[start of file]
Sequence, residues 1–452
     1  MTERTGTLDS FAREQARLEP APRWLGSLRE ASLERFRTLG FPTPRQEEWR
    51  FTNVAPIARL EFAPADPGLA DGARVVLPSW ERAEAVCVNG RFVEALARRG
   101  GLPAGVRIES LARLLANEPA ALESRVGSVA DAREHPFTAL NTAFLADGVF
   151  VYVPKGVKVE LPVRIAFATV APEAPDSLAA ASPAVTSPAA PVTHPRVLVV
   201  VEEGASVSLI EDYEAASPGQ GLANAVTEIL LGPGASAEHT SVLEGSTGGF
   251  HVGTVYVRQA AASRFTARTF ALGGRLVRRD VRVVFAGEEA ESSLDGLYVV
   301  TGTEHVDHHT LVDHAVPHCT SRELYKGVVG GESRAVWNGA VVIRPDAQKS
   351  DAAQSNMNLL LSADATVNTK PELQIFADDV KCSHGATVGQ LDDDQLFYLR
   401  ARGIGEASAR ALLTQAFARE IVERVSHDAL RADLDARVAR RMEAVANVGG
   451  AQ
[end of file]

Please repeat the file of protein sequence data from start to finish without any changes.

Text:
Sequence, residues 1–452
     1  MTERTGTLDS FAREQARLEP APRWLGSLRE ASLERFRTLG FPTPRQEEWR
    51  FTNVAPIARL EFAPADPGLA DGARVVLPSW ERAEAVCVNG RFVEALARRG
   101  GLPAGVRIES LARLLANEPA ALESRVGSVA DAREHPFTAL NTAFLADGVF
   151  VYVPKGVKVE LPVRIAFATV APEAPDSLAA ASPAVTSPAA PVTHPRVLVV
   201  VEEGASVSLI EDYEAASPGQ GLANAVTEIL LGPGASAEHT SVLEGSTGGF
   251  HVGTVYVRQA AASRFTARTF ALGGRLVRRD VRVVFAGEEA ESSLDGLYVV
   301  TGTEHVDHHT LVDHAVPHCT SRELYKGVVG GESRAVWNGA VVIRPDAQKS
   351  DAAQSNMNLL LSADATVNTK PELQIFADDV KCSHGATVGQ LDDDQLFYLR
   401  ARGIGEASAR ALLTQAFARE IVERVSHDAL RADLDARVAR RMEAVANVGG
   451  AQ